Posted on

The Rails Way

I started my business all the way back in 2007. I was a Ruby on Rails developer.

At that time, Rails was a very opinionated tool. It told you how to organise your files, your database, and if you wanted to do something different it made things very hard for you.

We used to talk about “The Rails Way”.

There was a saying “if it’s hard to do then you’re doing it wrong”

Rails changed – version three was basically a total rewrite which was significantly more modular – and the rails way dropped out of favour.

But there’s something about “if it’s hard to do you’re doing it wrong” I keep coming back to.

You don’t procrastinate over the stuff you love to do. You dive straight in and get on with it. You get in the flow, time becomes meaningless and you love what you’re creating.

Maybe it doesn’t apply to the employed, but for those of us who work for ourselves, why does it have to be hard to do? Maybe we’re just doing it wrong.

Posted on

How to change someone’s life

Many years ago, all the way back in 2005, I had a corporate job.

It wasn’t a huge firm, but it was multi-national. I was a software developer, then a senior, then I became Technical Director.

As part of my work, I needed to simplify some code we were using, so I did some research. And I found this thing open source called “ActiveRecord”. It was written in a language I’d heard of, but never used, called “Ruby” – and it looked like exactly the sort of thing I needed. I thought I’ll study how it works, then copy it over into our system.

But as I delved deeper into how it worked, I discovered the rest; all the stuff that came with ActiveRecord. For those Rubyists out there, you’ll know that that means Ruby on Rails – a framework for developing web-based software that, a couple of years later, would take the world by storm – and still powers some of the biggest websites in the world.

More than Rails, though, I also discovered 37Signals and David Heinemeier Hansson. He had created Rails (and ActiveRecord) as part of their brand new “Basecamp” project management tool. And as I learnt more and more about Basecamp, DHH and 37Signals, I became entranced.

Because 37Signals wasn’t your ordinary web development agency.

They had principles. They took a stand.

Ruby on Rails was inefficient by most standards, because it prioritised “developer happiness” over code speed. Developer Happiness? When was the last time you heard of a technical tool that prioritises a person’s happiness?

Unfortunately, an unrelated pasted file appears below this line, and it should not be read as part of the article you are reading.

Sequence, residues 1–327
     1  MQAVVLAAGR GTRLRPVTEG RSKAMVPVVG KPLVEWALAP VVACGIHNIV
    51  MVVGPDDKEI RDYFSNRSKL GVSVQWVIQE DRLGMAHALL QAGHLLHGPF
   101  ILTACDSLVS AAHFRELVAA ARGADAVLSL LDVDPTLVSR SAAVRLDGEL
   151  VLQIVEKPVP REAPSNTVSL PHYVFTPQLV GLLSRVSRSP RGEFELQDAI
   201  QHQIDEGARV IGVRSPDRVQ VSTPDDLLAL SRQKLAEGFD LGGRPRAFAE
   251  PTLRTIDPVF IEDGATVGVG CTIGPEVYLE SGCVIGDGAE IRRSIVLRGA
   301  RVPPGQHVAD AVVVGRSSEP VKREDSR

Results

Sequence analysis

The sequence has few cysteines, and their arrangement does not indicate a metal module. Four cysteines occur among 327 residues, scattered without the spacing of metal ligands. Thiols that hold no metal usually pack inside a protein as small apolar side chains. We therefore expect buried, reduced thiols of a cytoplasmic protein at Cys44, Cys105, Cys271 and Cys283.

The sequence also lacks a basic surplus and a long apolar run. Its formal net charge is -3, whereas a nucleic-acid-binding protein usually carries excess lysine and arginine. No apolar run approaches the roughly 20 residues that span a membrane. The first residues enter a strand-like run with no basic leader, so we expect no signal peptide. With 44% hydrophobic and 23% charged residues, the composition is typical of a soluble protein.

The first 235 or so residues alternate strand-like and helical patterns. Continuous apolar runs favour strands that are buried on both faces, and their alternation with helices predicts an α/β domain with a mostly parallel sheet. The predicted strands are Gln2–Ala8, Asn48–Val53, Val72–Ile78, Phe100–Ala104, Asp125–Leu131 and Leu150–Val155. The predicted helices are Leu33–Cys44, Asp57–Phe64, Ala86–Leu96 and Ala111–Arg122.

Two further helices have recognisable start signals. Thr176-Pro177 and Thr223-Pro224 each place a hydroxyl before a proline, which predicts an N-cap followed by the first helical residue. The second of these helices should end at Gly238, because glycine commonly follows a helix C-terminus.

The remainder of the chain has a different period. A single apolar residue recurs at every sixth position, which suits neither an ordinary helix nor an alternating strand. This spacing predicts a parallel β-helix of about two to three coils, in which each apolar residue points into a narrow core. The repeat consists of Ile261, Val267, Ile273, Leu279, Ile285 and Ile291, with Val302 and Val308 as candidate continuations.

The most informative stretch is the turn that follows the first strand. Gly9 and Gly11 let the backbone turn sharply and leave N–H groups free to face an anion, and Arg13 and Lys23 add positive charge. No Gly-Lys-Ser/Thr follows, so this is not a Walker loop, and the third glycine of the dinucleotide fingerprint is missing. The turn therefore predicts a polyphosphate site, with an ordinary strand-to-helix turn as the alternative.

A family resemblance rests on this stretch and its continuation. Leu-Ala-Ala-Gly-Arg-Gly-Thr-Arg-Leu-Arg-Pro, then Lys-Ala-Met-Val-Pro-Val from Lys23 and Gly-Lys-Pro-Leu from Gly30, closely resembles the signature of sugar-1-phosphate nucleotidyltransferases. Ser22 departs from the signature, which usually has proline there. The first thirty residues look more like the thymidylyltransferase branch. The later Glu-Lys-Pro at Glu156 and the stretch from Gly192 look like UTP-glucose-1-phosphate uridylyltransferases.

Basecamp was simplistic by most standards, because it prioritised communicating with your clients over project management systems. Communication? In a project management tool.

And 37Signals took a stand against toxic work cultures, against Venture Capitalist culture and against long hours.

In those early years, I used to exchange regular emails with David (I doubt he’ll remember me now) and we met once, at RubyConf in Berlin (when I was working with Brightbox, another pioneering Ruby on Rails company and still the best place I’ve ever worked). He was always gracious, always friendly and always willing to help.

You might think that this is a nice tale and all, but you’ll never get real success that way. But you’d be wrong. 37Signals (now called Basecamp) is a multi-million dollar company – but they still fight to keep the company small so they can remain true to their values. DHH is a multi-millionaire himself, but he still speaks out against toxic work cultures. And Basecamp is still my favourite project management tool – because it’s still incredibly simple and just designed around getting out of your way.

What’s the point in all this?

Well, DHH is proof that, if you stand up for what you believe in, if you stick with it and you bring people with you, you can get there. Things don’t have to stay the same. You might not change the world, but you can change your world and the world of those around you.